A special state panel created by Gov. Nathan Deal has proposed a pilot program that would use telemedicine and other techniques to bolster rural health care in Georgia.
The Rural Hospital Stabilization Committee report, released Monday, supports a “hub and spoke’’ model to relieve the burden on rural hospital emergency rooms. It would use telemedicine-equipped ambulances to facilitate remote diagnoses of patients in rural areas.
Telemedicine basically is the transmission of video and digital vital signs of a patient to a physician at another location who can evaluate that information for a diagnosis. Georgia has been a pioneer in this field.
The four pilot sites would be based in hospitals that serve different rural regions of the state: Union General in Blairsville, Appling HealthCare in Baxley, Crisp Regional in Cordele and Emanuel Medical Center in Swainsboro.
The report of the Rural Hospital Stabilization committee makes no mention of the possibility of Medicaid expansion in the state, which is opposed by Deal and the Republican legislative leadership due to cost concerns. full story
Powered by a late surge, Georgia’s enrollment in the 2015 health insurance exchange easily surpassed the half-million mark.
Federal officials said Wednesday that 536,929 Georgians selected a plan or were automatically re-enrolled in the state exchange. The Affordable Care Act provides for exchanges in all 50 states, and this is their second year of operation.
Open enrollment ended Sunday. The figures show that Georgia enrollment accelerated in the final two weeks, with more than 60,000 signing up. As of Feb. 6, 468,464 had enrolled in coverage in Georgia.
This year’s enrollment number far outpaces last year’s Georgia exchange total of 316,543, and exceeded many projections for the state.
Nationwide, about 11.4 million Americans selected exchange, or marketplace, plans or were automatically re-enrolled, the U.S. Department of Health and Human Services announced. That was 10 percent more than expected, HHS said Wednesday. full story
It’s a long way from being a done deal, but if it happens it will shake up metro Atlanta health care.
Emory University and WellStar Health System announced last week that they are discussing a merger of their medical assets, a fusion that would face regulatory and logistical challenges. Completion of a deal is at least a year away.
Emory University Hospital Midtown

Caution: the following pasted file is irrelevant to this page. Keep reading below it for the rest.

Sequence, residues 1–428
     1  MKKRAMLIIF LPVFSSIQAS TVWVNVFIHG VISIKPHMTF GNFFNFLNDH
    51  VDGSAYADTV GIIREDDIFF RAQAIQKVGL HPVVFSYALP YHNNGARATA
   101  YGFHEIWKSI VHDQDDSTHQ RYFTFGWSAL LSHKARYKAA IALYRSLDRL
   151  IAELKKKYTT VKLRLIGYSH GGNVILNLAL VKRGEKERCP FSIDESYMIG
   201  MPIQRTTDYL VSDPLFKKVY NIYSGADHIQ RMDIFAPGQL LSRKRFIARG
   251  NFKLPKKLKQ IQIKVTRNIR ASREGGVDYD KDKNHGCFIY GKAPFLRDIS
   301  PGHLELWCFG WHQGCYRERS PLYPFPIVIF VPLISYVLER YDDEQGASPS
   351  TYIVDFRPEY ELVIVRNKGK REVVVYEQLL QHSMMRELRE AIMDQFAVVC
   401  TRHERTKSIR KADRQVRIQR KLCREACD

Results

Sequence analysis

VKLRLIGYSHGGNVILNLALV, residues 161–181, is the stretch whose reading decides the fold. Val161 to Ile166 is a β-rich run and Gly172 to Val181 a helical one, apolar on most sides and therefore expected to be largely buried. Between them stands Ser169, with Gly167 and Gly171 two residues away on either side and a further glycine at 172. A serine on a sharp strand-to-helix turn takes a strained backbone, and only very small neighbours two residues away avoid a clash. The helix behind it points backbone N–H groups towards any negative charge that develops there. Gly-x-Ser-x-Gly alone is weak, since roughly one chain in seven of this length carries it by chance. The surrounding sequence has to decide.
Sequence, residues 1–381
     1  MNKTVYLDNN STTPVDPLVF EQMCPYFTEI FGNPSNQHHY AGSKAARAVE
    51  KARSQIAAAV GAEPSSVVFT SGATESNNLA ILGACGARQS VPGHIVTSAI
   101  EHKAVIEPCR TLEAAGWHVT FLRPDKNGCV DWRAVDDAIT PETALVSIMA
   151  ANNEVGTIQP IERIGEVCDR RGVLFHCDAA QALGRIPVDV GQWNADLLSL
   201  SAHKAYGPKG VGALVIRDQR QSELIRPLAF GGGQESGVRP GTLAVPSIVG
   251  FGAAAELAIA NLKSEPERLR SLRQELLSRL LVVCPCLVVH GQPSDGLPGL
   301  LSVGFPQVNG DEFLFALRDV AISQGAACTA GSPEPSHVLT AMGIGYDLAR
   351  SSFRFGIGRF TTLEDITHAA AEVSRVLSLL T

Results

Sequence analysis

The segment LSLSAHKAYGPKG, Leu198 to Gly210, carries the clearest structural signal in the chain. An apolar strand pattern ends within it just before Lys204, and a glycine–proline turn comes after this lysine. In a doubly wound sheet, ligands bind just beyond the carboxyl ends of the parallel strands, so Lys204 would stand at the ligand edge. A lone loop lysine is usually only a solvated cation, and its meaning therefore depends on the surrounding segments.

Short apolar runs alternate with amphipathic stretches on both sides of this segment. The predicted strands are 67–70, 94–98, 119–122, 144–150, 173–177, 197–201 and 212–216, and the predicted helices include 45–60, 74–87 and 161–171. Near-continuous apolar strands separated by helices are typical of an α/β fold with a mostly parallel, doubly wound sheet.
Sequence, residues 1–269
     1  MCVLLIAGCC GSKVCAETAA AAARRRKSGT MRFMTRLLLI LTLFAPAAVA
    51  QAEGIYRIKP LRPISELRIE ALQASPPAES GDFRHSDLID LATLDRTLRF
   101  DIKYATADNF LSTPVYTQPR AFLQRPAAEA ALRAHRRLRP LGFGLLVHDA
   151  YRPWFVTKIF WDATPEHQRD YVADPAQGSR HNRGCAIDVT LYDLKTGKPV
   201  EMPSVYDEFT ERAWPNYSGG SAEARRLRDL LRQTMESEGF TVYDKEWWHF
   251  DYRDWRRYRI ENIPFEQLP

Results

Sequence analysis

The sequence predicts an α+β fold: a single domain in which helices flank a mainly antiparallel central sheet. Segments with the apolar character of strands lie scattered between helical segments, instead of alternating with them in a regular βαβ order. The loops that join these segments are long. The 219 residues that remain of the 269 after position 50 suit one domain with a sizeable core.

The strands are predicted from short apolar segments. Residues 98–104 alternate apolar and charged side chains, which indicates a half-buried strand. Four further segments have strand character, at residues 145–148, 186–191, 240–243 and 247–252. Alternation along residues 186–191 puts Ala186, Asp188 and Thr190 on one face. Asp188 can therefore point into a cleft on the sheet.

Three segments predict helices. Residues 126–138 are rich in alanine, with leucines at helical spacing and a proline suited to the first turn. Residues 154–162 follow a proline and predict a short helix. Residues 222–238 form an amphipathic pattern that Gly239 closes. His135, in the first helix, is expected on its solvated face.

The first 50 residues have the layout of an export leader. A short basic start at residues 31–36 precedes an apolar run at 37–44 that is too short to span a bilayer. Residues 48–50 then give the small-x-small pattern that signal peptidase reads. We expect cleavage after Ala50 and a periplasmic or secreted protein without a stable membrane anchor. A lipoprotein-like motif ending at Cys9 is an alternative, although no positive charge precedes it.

Yet the news of even a possible marriage between nonprofit heavyweights Emory Healthcare and WellStar sent a tremor through the metro Atlanta health care industry.
The proposed union would be the biggest example of hospital consolidation so far in Georgia, and it could trigger other combinations.
Standalone metro hospitals such as Gwinnett Medical Center and DeKalb Medical may be forced to consider aligning with other entities, said David Smith of Kearny Street Consulting. full story
In the turbulent business of health care, bigger is often better.
Nowhere is that more evident than in the stunning announcement Monday that Emory University and WellStar Health System are talking about merging their medical assets in metro Atlanta.
If a deal is consummated, the resulting nonprofit health system would clearly be Georgia’s biggest and would comprise one of the largest such organizations in the nation.
WellStar Kennestone Hospital
The talks come at a time of revolutionary changes in health care, many of which were ignited by the Affordable Care Act.
That upheaval is having a profound effect in the Georgia hospital industry. Recently, GHN reported that the Texas-based chain Tenet Health is seeking a partner or buyer for its Georgia hospitals.
And Piedmont Healthcare, based in Atlanta, has begun talking about a partnership with St. Francis Hospital in Columbus, which is reeling from a $30 million accounting inaccuracy.
A merger, if completed, would combine Emory’s academic health system with WellStar’s expertise in running community hospitals.
“We want to end up with the best of community health care and the best of academic health care,’’ Emory University President James Wagner said Monday. “We hope to be a model for the Southeast and the rest of the country.”
It would also create a system with geographic reach across Atlanta and into the city’s northwest suburbs, where WellStar dominates the market. full story
Most people agree that Georgia has serious health care challenges.
Hundreds of thousands of Georgians lack health insurance. Many of the state’s hospitals are in financial crisis. Medical costs are high.
Kelly McCutchen has an idea for a solution.
In a new GHN Commentary, McCutchen, president and chief executive officer of the Georgia Public Policy Foundation, proposes that we convert the funds we spend subsidizing the care of the uninsured (after the fact) into vouchers or refundable tax credits.
“Low-income individuals could use these funds to buy into an employer’s plan or purchase private insurance,’’ writes McCutchen, adding that unused funds “should follow the people to where they get their care: the safety net providers in each community.”
Here’s a link to his Commentary.
Georgia Health News welcomes Commentary submissions. If you would like to propose a Commentary piece for Georgia Health News, please email Andy Miller, editor of GHN, at firstname.lastname@example.org